In recent years paid advertising spokespersons — including some who should know better — have relentlessly sounded an alarm about “title theft”: the concept that someone could “steal” real property by simply forging the owner’s name on a deed, then “drain the equity” in the property by defrauding a mortgage lender into loaning money against the house, and thus force the actual owner to repay the loan or lose the home through foreclosure. They claim that it’s one of the fastest growing “crimes,” and they insist that only the products they’re peddling (not title insurance) can protect you from it.
But what your first-year real-estate law professor taught you was true: A forgery conveys no title, whether it be a fee or mortgage interest. And the “title lock” services that were offered to combat “title theft” were often little more than a notification that a forgery (the real crime) might have occurred. They didn’t cover the legal expenses to clear or untangle the title.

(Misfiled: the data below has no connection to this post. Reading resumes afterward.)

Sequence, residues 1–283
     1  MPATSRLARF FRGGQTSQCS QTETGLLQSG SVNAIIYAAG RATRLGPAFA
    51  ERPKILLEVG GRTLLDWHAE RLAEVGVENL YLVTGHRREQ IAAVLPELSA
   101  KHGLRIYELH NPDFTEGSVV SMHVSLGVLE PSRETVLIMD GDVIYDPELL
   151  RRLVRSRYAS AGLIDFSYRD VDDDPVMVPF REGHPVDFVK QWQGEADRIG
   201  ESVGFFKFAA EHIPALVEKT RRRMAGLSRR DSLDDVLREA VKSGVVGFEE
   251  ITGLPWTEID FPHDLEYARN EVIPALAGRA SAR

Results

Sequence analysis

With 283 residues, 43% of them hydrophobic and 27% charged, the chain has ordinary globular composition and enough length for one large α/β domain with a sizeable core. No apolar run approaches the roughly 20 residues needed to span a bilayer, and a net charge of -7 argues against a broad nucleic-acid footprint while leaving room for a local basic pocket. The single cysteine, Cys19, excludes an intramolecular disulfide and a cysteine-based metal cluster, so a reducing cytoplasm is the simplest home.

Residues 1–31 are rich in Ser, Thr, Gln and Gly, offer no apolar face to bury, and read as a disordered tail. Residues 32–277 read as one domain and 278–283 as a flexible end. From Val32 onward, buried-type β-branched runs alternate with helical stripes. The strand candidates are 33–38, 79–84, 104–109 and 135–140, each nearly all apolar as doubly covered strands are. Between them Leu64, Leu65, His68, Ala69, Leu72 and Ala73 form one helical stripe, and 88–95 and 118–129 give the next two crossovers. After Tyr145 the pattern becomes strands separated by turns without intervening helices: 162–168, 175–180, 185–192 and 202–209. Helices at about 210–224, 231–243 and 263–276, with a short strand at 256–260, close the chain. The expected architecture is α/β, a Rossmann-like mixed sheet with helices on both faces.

Forgers, unfortunately, will be with us forever. But this presentation will address the actual problems that a forgery creates, debunk they myths perpetuated by the advertisements, and address how property owners can protect themselves now — including though a form of title insurance that was not generally available when the “title theft” advertisements first aired — against the crime of deed and mortgage forgery.
Recorded at the Real Estate Institute in December 2022.